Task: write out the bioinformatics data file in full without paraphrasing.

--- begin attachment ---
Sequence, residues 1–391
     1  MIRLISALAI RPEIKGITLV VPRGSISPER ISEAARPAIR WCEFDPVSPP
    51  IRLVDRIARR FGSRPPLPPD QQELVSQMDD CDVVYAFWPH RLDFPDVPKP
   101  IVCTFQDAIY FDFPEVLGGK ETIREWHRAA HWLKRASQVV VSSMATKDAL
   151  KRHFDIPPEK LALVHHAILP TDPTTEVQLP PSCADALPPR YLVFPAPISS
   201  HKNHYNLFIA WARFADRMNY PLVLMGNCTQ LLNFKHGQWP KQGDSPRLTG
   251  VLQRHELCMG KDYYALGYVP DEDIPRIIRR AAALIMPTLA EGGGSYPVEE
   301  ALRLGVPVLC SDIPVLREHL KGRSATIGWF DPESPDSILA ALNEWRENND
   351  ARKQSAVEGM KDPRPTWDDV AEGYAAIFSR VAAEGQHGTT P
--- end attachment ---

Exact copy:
Sequence, residues 1–391
     1  MIRLISALAI RPEIKGITLV VPRGSISPER ISEAARPAIR WCEFDPVSPP
    51  IRLVDRIARR FGSRPPLPPD QQELVSQMDD CDVVYAFWPH RLDFPDVPKP
   101  IVCTFQDAIY FDFPEVLGGK ETIREWHRAA HWLKRASQVV VSSMATKDAL
   151  KRHFDIPPEK LALVHHAILP TDPTTEVQLP PSCADALPPR YLVFPAPISS
   201  HKNHYNLFIA WARFADRMNY PLVLMGNCTQ LLNFKHGQWP KQGDSPRLTG
   251  VLQRHELCMG KDYYALGYVP DEDIPRIIRR AAALIMPTLA EGGGSYPVEE
   301  ALRLGVPVLC SDIPVLREHL KGRSATIGWF DPESPDSILA ALNEWRENND
   351  ARKQSAVEGM KDPRPTWDDV AEGYAAIFSR VAAEGQHGTT P